from: Это не любовь / Moroz Records / 1985
    [Eto ne lyubov… (Russian: Это не любовь…, lit. ’This is not love…’) is the fourth studio album by Soviet rock band Kino. It was released in 1985. // Kino (Russian: Кино, lit. ’cinema, film’, IPA: [kʲɪˈno]) was a Soviet rock band formed in Leningrad in 1982, considered to be one of, if not the, greatest rock band in the history of Russian music. The band was co-founded and headed by Viktor Tsoi, who wrote the music and lyrics for almost all of the band’s songs. Over the course of eight years, Kino released over 90 songs spanning over seven studio albums, as well as releasing a few compilations and live albums. The band’s music was also widely circulated in the form of bootleg recordings through the underground magnitizdat distribution scene. Viktor Tsoi died in a car accident in 1990. Shortly after his passing, the band broke up after releasing their final album, consisting of songs that Tsoi and the group were working on in the months before his death. // In 2019, the band announced a reunion with concerts planned in the fall of 2020 for the first time in 30 years, however they were later postponed to 2021 due to the COVID-19 pandemic.]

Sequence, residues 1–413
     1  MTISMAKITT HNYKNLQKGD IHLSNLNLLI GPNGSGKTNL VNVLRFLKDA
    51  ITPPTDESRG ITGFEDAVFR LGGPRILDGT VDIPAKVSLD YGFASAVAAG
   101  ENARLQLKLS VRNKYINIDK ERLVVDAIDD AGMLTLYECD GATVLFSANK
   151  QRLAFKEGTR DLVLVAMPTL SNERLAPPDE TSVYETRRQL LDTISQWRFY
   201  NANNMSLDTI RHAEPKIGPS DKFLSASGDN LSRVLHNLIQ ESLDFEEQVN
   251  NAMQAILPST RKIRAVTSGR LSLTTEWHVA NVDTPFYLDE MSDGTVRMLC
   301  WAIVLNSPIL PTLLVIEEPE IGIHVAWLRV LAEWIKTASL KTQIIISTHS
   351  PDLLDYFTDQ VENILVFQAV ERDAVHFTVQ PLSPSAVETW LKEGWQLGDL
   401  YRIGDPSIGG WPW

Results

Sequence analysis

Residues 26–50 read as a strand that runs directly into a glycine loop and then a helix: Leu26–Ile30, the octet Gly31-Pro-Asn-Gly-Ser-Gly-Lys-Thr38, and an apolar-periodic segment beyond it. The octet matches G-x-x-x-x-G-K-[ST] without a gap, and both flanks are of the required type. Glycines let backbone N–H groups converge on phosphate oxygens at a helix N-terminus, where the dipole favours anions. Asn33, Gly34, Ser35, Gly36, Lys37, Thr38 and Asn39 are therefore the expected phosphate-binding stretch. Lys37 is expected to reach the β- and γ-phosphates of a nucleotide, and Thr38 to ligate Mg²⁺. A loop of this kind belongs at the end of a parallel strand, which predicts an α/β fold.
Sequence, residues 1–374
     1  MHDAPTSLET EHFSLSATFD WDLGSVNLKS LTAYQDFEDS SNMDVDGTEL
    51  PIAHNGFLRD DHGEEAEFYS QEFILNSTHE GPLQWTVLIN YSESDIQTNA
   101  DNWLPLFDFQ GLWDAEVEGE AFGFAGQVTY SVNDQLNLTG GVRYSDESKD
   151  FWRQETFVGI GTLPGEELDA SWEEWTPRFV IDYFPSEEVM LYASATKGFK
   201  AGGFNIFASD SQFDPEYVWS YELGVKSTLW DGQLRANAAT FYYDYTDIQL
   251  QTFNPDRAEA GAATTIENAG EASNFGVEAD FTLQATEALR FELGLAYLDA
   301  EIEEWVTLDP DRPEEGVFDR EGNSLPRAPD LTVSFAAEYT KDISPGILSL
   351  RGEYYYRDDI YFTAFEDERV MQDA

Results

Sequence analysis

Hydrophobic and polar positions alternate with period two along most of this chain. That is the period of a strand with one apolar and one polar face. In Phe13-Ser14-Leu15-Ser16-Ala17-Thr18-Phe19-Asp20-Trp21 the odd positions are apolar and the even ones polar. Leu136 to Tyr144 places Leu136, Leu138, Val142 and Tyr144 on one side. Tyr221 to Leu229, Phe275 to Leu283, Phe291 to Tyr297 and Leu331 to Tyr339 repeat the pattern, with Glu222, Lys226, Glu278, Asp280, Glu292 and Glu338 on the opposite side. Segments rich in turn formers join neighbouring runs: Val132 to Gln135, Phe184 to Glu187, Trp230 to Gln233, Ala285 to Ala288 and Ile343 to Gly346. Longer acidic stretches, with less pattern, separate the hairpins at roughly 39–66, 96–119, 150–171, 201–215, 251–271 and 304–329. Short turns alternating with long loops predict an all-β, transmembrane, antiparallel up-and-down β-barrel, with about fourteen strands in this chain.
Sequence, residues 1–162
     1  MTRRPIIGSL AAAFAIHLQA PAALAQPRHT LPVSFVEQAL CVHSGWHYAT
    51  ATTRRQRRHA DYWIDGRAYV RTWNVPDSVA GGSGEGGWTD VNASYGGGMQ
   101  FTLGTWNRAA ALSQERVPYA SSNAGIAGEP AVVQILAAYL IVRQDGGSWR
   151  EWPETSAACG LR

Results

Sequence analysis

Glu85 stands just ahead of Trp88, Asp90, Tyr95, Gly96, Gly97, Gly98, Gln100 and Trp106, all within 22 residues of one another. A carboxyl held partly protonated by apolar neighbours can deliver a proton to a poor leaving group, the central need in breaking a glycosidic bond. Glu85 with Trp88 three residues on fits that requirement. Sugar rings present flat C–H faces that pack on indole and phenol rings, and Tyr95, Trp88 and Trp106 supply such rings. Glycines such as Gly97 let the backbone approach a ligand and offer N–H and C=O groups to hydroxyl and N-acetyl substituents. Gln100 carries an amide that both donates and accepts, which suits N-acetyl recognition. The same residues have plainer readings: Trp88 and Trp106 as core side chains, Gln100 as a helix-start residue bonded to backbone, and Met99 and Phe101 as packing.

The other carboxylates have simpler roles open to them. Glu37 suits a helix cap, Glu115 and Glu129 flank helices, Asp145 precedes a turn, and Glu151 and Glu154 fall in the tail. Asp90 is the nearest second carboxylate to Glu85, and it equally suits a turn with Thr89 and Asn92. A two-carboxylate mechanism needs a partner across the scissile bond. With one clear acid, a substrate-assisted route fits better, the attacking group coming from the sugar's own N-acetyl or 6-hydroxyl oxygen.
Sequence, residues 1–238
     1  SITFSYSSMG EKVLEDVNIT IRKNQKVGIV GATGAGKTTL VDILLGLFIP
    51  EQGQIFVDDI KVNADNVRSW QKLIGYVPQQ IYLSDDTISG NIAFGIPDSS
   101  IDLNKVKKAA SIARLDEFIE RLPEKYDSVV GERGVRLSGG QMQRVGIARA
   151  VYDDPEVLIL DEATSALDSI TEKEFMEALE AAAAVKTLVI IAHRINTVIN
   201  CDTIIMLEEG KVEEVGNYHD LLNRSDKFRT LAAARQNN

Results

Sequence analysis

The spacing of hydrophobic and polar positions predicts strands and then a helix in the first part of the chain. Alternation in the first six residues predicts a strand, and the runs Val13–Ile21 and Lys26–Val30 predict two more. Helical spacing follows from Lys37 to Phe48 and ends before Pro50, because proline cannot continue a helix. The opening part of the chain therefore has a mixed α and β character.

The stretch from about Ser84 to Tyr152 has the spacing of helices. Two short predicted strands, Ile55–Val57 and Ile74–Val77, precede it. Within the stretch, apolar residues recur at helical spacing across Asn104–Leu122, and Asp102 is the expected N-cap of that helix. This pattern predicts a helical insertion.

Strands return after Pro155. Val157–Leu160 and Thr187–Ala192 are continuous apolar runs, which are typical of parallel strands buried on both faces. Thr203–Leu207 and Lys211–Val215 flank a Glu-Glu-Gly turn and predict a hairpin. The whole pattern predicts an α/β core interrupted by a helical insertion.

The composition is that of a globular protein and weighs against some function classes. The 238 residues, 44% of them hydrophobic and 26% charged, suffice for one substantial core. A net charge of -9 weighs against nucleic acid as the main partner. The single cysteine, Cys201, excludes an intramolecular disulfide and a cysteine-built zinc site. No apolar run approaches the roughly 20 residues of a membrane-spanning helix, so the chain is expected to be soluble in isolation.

1. Кино – “Уходи”
    from: Это не любовь / Moroz Records / 1985
    [Kino was formed in 1981 by the members of two earlier groups from Leningrad (now Saint Petersburg), Palata No. 6 and Piligrimy. They initially called themselves Garin i giperboloidy (Russian: Гарин и гиперболоиды, lit. ’Garin and the Hyperboloids’) after Aleksei Tolstoi’s novel The Hyperboloid of Engineer Garin. The group consisted of Viktor Tsoi, guitarist Aleksei Rybin, and drummer Oleg Valinsky [ru]. They began rehearsing, but Valinsky was drafted and had to leave the band. In the spring of 1982, they began to perform at the Leningrad Rock Club and met with influential underground musician Boris Grebenshchikov. It was around this time that they changed the band’s name to Kino. The name was chosen because it was considered short and “synthetic,” and the band members took pride in that it had only two syllables and was easy to pronounce by speakers all over the world. Tsoi and Rybin later said that they had the idea for the name after seeing a bright cinema sign.]
  1. Bravo (Браво) – “Zapolarniy Tvist”
    from: Moskovskiy Bit (Moscow Beat) / Московский бит / 1994